Congress – The American Lost Cause?

Bill Russell with U.S. Rep. Tom Gettys and Bill Sr and Sarah Russell.

Congress – Our American Lost Cause? One of my favorite movies is Mr. Smith goes to Washington. In this 1939 film, Jimmy Stewart, the head of the Boy Rangers, is appointed by the Governor to replace the unexpired term of a deceased Senator. Ironically the film which is now a classic was attacked by the Washington press and then elected officials as Anti-American and Pro-Communist for its portrayal of the corruption in the American Government.

This month, a delegation of business leaders from the Lake Norman Chamber will visit Washington as we meet with our federal delegation on issues ranging from highway improvements to health care and labor. It is an annual trip we make to advocate on behalf of our local businesses and the communities in which we live and work. My first trip to Washington, D.C. was when I was nine years old. My mom and dad were attending a Jaycees Convention in nearby Baltimore and upon its completion, Congressman Tom Gettys invited us to the capital. Rep. Gettys was not unlike the fictional Jefferson Smith. A Navy veteran, Gettys was a school teacher and then Postmaster for the City of Rock Hill.  He was elected in a special election to fill a resignation of our Congressman and then was reelected to four succeeding terms. Rep. Gettys taught my Granddaddy Russell civics at Rock Hill High School and for many years after that, he and Rep. Gettys both fondly remembered the occasion. It was the first class he taught as a high school teacher.

Tom self taught his way in law and passed the bar exam without ever attending law school. Perhaps unheard of today. He was also a Jaycee who mentored many of the business and civic leaders who later led Rock Hill, my father among them. My grandfather recalled what Congressman Gettys instilled in all the young people he taught – “Create a genuine interest in seeing those around you succeed. Help them achieve it, and in turn, you will be successful as well.”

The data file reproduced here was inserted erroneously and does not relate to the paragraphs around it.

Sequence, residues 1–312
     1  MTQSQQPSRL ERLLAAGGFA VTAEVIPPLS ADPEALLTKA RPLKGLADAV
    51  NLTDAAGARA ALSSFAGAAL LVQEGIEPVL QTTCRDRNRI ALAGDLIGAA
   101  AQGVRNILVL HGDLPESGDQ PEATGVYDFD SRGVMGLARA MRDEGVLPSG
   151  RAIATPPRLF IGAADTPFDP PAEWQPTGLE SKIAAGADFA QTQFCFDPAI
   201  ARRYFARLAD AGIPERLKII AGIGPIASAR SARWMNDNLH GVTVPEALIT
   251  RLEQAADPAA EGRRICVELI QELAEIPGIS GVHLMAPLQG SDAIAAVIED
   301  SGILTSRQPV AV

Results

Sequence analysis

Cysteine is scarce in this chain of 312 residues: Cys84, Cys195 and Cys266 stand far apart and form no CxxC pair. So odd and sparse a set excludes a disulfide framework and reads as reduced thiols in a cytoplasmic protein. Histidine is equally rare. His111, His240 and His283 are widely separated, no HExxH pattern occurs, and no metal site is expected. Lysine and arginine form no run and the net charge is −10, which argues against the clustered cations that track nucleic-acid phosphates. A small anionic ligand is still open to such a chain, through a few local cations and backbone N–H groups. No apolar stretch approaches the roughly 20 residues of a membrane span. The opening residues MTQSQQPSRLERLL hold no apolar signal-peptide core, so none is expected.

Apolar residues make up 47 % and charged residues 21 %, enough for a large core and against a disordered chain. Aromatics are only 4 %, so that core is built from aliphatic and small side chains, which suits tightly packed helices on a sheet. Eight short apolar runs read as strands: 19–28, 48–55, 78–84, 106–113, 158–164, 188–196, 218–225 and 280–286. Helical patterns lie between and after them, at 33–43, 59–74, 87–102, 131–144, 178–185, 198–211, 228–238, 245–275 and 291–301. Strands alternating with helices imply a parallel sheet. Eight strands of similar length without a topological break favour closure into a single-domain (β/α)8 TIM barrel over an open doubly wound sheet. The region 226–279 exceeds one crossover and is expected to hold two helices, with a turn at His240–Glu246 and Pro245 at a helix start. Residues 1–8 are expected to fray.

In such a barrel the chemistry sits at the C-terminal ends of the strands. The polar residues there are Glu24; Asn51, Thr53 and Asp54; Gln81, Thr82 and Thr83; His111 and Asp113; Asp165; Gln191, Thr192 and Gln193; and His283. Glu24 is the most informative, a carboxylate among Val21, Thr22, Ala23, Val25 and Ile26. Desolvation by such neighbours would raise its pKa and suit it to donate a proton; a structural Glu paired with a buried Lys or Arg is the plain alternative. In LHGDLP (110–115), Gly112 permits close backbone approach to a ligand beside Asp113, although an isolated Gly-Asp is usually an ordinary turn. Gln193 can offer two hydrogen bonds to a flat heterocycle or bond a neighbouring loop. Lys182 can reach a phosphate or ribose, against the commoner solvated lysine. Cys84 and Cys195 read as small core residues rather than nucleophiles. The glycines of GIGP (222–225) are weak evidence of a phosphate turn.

It is a lesson we could all heed in both business and politics. How many of us have attended a recent networking event and spent the better part of our time listening to someone talking about themselves and their product or service with the hopes of selling more? I doubt it left you with the strong impression you wanted to be that next customer. Instead, commit yourself to finding out more about the people you meet. How can you make them more successful? Can you help them get in front of that potential customer or client? In essence, help them reach their potential. While we understand well how important that principle is when it comes to networking and building solid a relationship, it seems few in Washington put the interest of others before themselves. Perhaps it’s a lost cause hoping that Congress will once again put the American people before the interest of their party.

The fictious Sen. Jefferson Smith addressing Sen. Joseph Paine.

But lost causes were precisely what Sen. Jefferson Smith in the movie relished. “All you people don’t know about lost causes,” he says 23 hours and 16 minutes into his filibuster. Directing his remarks to his chief adversary, Sen. Joseph Paine, he continues, “Mr. Paine does. He said once they were the only causes worth fighting for.” Congressman Gettys overcame long odds. He understood the lesson of putting others and service before self. It was a lesson he taught in his high school civics class. One that my grandfather later taught my dad and one that he later taught me. Some might think that’s a lost cause – but many of us believe it’s one worth fighting for!